Frequent Questions

Will air cleaners reduce health risks?

From: Indoor Air Facts No. 7 - Residential Air Cleaners - http://www.epa.gov/iaq/pubs/airclean.html

Air cleaners may reduce the health effects from some particles - small solid or liquid substances suspended in air, such as dust or light spray mists.

Some air cleaners, under the right conditions, can effectively remove certain respirable-size particles (for example, tobacco smoke particles). These invisible particles are of concern because they can be inhaled deeply into the lungs. Removing such particles may reduce associated health effects in exposed people. These effects may range from eye and lung irritation to more serious effects such as cancer and decreased lung function.

Some controversy exists about whether air cleaners can reduce the allergic reactions produced by larger particles such as pollen, house dust allergens, some molds, and animal dander. Most of these particles are found where they settle on surfaces in the home, rather than in the air. They cannot be removed by an air cleaner unless disturbed and re-suspended in the air.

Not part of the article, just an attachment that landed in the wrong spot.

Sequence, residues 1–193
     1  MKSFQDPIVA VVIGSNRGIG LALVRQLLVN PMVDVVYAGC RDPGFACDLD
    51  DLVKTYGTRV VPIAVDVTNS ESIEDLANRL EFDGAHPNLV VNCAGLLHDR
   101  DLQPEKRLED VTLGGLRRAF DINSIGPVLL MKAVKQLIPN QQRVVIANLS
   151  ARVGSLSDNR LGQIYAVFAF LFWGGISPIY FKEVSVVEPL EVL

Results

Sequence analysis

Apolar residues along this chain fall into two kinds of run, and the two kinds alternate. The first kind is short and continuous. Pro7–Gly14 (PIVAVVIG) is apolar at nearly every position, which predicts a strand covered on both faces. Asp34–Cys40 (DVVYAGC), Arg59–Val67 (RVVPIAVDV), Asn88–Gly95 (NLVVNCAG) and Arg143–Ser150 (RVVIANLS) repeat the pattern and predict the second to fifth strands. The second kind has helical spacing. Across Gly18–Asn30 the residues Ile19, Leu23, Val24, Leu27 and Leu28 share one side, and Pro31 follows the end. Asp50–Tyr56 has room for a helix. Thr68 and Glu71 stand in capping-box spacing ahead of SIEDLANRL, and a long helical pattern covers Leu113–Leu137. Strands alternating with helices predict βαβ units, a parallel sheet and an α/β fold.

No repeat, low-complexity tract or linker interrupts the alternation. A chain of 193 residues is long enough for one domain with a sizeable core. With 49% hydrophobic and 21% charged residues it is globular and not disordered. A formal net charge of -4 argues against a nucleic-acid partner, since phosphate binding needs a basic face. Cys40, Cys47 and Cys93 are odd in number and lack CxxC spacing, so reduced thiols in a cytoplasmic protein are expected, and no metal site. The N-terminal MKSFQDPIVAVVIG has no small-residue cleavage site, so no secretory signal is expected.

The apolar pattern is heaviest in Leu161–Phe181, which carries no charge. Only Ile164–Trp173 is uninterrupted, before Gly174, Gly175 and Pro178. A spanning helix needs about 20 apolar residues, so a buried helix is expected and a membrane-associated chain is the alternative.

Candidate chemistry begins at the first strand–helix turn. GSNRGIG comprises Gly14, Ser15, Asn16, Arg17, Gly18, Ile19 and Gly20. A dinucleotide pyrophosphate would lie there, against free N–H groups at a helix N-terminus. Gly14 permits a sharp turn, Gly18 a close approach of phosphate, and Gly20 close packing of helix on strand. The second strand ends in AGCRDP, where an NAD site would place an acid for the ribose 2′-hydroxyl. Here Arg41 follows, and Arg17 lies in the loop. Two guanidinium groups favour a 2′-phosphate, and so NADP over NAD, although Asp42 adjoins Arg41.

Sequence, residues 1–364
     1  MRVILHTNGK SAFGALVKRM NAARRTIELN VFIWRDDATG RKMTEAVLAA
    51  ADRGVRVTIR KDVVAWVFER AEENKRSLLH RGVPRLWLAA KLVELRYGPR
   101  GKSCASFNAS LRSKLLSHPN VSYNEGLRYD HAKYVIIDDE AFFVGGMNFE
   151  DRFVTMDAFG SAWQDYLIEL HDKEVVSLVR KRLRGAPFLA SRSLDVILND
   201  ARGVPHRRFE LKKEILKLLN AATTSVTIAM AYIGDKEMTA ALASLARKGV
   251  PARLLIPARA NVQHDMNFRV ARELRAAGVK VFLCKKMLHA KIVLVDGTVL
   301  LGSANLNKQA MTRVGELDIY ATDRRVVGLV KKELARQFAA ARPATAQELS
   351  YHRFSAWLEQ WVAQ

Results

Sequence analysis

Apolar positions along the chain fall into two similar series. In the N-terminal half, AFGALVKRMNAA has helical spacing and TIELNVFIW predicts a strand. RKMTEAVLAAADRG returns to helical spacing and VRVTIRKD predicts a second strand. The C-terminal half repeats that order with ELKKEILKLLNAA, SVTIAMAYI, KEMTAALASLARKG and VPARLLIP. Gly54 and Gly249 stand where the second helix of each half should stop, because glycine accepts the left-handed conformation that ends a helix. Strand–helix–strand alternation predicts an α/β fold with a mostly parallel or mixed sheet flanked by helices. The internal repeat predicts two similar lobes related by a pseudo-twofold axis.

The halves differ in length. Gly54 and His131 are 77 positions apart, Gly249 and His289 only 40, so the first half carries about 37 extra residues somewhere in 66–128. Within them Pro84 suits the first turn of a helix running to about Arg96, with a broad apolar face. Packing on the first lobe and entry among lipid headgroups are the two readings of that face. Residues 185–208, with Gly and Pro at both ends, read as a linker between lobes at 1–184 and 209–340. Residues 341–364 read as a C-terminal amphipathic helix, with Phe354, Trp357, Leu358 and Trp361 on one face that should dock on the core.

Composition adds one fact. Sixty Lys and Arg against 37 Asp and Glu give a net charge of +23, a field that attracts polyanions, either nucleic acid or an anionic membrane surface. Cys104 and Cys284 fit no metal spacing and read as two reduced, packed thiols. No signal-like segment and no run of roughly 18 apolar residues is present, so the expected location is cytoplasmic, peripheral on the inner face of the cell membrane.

Air cleaners that do not contain special media, such as activated carbon or alumina, will not remove gaseous pollutants, including radon, or reduce their associated health effects. Whether air cleaners that contain these media are effective in reducing health risks from gaseous pollutants cannot be adequately assessed at this time. In addition, the effectiveness of air cleaners in reducing the health risks from radon progeny (decay products) cannot be adequately evaluated at present. The removal of gaseous pollutants and radon and its progeny is not addressed further in this fact sheet. Health effects from these pollutants may be serious, however, and they are of concern in indoor air.

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